Identity theft crimes can be prosecuted up to six years after the crime was committed or the identity of the thief was established.
Statute: §767.24: http://legislature.mi.gov/doc.aspx?mcl-767-24
Other Related Laws:
Financial transaction devices include electronic funds transfer cards, credit cards, debit cards, point-of-sale cards, and any instrument, device, card, account number, personal identification number, or code that can be used alone or in conjunction with another access device to obtain money, cash, credit, goods services, or anything of value; certify or guarantee the availability of funds; or provide access to a deposit account. It is a felony to:
- Possess, control, or receive from another person a financial transaction device with the intent to use, deliver, circulate, or sell the device without the consent of the device holder.
Statute: §750.157p: http://legislature.mi.gov/doc.aspx?mcl-750-157p
- Deliver, circulate, or sell a financial transaction device obtained or held fraudulently.
Statute: §750.157q: http://legislature.mi.gov/doc.aspx?mcl-750-157q
- Knowingly and with intent to defraud, make, directly or indirectly, a false statement in writing regarding identity to procure the issuance of a financial transaction device.
Statute: §750.157v: http://legislature.mi.gov/doc.aspx?mcl-750-157v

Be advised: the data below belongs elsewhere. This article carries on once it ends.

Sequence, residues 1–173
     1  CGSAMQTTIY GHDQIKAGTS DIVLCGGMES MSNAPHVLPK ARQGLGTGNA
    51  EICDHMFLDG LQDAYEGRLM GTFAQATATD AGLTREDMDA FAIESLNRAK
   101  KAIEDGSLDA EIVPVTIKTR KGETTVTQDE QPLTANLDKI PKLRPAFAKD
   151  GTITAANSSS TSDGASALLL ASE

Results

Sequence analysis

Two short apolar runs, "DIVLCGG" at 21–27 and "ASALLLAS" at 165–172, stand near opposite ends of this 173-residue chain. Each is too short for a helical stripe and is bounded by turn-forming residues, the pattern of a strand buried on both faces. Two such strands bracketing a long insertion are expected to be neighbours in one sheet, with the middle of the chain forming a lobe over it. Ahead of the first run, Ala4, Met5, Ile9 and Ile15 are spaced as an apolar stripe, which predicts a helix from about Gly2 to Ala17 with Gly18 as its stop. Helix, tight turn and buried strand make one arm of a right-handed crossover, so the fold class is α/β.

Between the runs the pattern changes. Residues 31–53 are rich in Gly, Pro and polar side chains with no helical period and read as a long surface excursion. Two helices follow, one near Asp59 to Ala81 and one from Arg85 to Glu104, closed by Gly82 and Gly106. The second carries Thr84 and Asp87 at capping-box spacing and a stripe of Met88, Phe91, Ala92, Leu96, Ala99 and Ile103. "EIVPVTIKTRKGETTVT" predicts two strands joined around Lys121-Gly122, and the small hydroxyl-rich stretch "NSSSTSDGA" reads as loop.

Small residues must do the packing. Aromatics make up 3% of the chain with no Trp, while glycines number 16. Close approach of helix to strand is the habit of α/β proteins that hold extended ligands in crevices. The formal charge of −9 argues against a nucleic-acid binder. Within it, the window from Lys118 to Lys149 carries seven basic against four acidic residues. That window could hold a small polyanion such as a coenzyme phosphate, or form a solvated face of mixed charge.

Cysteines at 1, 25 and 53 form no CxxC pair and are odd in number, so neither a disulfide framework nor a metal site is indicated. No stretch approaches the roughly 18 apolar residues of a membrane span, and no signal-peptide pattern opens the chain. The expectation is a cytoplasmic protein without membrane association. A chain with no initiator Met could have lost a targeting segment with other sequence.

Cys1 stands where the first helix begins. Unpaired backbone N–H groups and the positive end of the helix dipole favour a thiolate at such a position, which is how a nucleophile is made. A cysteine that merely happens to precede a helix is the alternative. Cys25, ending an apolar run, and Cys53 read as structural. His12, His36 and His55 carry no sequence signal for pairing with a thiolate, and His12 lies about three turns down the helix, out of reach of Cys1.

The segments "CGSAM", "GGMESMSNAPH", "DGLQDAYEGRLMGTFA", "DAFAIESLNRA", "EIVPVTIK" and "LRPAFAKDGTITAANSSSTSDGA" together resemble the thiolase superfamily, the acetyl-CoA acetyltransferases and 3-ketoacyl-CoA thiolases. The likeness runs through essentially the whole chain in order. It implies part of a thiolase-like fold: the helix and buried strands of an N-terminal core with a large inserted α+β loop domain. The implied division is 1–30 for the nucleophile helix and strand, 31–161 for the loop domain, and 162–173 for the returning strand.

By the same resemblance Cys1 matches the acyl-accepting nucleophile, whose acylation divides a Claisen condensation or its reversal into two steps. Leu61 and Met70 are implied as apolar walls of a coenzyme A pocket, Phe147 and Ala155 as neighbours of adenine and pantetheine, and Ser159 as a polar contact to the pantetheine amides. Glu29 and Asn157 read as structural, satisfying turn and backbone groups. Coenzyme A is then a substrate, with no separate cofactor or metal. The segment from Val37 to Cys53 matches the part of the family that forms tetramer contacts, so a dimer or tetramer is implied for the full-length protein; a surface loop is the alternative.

It is a misdemeanor, punishable by up to one year in jail and/or a fine up to $1000, to unlawfully use a device to capture personally identifiable information from a financial transaction device, by secretly or surreptitiously photographing, or otherwise capturing or recording, electronically or by other means. It is also a misdemeanor to distribute, disseminate, or transmit personal identifying information from a transaction that involves the use of a financial transaction device without the consent of the individual.
Statute: §750.539k: http://legislature.mi.gov/doc.aspx?mcl-750-539k
Social Security Numbers:
State law prohibits retailers from requiring a customer to disclose his/her Social Security number as a condition to selling goods or providing a service, unless the transaction included an extension of credit to the consumer or the disclosure was required by state or federal law.